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Marker Kingpin First Try

 
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pmg



Joined: 01 Dec 2012
Posts: 435
Location: Sonthofen

PostPosted: Tue Dec 16, 2014 6:00 pm    Post subject: Marker Kingpin First Try Reply with quote

Hi,

was super lucky and got one of these fancy new bindings today (well, actually two).

First impression is: That will be my new binding from now on! Has all the advantages of pin touring bindings (mainly low stand height, lower weight, nicer to walk) without any of the disadvantages I encountered with my dynafit bindings (hard to step in, sometimes awkward handling, stoppers that suck, and a lack of trust when riding real hard).

So, this seems to be a binding that can be used for every day on the skis, whether its touring, riding groomers or being off-piste. Perfect for me, as I just don't want to ride my alpine boots any more. Always had trouble finding boots as my feet are really slim, and since I tried on the La Sportiva Spectre boots I don't want to ski anything else.

Will give them a test tomorrow if my little girl finally decides to sleep (its 3 in the morning here), then I will give some first feedback.

Ah, and just in case someone might get wrong ideas about this post: I don't work for marker or la sportiva and do not get any benefit from writing positive about these products :)
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pmg



Joined: 01 Dec 2012
Posts: 435
Location: Sonthofen

PostPosted: Wed Dec 17, 2014 6:33 am    Post subject: Reply with quote

First test was great! The handling of this binding is great, especially the stepping in - hardly any difference to stepping into an alpine binding.

As only 2 smaller lifts were open, I didn't charge them hard, but it feels that they transmit the "power" better to the ski than the dynafits (though I never felt that a dynafit binding has a problem there).

Release worked well, hit an ice block when skiing off-piste... one ski was compressed, upset, clinched (whats the right word here? one ski has a bit of a rocker now it didn't have before), but the binding luckily did its job.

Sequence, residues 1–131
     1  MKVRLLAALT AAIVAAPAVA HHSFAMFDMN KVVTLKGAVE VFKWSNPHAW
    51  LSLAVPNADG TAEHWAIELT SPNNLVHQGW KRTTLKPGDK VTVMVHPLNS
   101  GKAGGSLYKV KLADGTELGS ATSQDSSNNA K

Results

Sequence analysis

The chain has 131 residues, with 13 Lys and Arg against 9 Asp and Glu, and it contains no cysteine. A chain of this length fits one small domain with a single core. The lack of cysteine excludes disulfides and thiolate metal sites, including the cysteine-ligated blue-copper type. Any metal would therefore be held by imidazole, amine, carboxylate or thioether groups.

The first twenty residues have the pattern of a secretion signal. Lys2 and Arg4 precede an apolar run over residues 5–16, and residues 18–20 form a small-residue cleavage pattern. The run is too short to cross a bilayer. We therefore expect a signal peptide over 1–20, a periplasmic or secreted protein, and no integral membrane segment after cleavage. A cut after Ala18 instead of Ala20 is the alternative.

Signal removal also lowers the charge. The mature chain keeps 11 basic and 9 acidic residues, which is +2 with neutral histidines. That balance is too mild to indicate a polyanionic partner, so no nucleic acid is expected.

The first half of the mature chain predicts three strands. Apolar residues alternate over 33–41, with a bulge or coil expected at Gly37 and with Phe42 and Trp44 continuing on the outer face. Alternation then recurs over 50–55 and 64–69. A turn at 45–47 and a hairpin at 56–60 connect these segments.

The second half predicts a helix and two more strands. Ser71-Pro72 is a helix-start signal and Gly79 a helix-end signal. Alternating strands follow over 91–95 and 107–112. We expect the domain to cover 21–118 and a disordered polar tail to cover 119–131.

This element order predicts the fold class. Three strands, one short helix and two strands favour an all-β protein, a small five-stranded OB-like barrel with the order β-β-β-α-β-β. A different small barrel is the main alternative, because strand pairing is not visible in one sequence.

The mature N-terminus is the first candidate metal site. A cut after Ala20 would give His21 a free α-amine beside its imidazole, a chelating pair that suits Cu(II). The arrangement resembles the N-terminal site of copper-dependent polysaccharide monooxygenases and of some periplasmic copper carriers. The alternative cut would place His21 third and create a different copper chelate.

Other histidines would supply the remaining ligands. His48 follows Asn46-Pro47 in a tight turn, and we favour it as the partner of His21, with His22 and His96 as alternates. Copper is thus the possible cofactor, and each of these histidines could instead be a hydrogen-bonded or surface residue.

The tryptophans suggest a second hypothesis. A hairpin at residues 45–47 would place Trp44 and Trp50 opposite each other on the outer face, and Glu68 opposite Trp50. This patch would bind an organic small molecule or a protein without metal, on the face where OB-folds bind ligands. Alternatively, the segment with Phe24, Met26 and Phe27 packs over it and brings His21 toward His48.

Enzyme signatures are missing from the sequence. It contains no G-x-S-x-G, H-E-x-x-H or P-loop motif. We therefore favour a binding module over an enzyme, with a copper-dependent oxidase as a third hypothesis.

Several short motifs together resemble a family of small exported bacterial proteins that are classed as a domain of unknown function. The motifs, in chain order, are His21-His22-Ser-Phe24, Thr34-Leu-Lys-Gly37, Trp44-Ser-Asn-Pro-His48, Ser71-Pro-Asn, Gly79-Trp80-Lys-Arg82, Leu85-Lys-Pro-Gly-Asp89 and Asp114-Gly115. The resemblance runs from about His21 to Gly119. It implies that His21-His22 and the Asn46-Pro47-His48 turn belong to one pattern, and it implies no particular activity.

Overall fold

what of course feels good (as with any other pin binding) is that you are close to the ski.

and: the brakes can really be called brakes, they are as good as the ones alpine bindings have.
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falls



Joined: 27 Oct 2009
Posts: 1436
Location: Wangaratta, Australia

PostPosted: Sat Dec 20, 2014 8:30 pm    Post subject: Reply with quote

nice work!
I think if you hit something hard enough to bend a ski then you really want your binding to release!

Here's some info for others who haven't read/watched about the kingpin
https://www.youtube.com/watch?v=cdqvtzDS-A4


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pmg



Joined: 01 Dec 2012
Posts: 435
Location: Sonthofen

PostPosted: Sun Dec 21, 2014 1:01 am    Post subject: Reply with quote

Yeah, a binding should definitely release in this case :) It was one of those icy blocks made in the close to the piste terrain by the piste machines. If my tip was 15cm high it might have skied over it...

Well, there is always a damn lot of advertisement when a new product is released, and in the product's first year, all the weaknesses are shown - lets see if I find some that winter.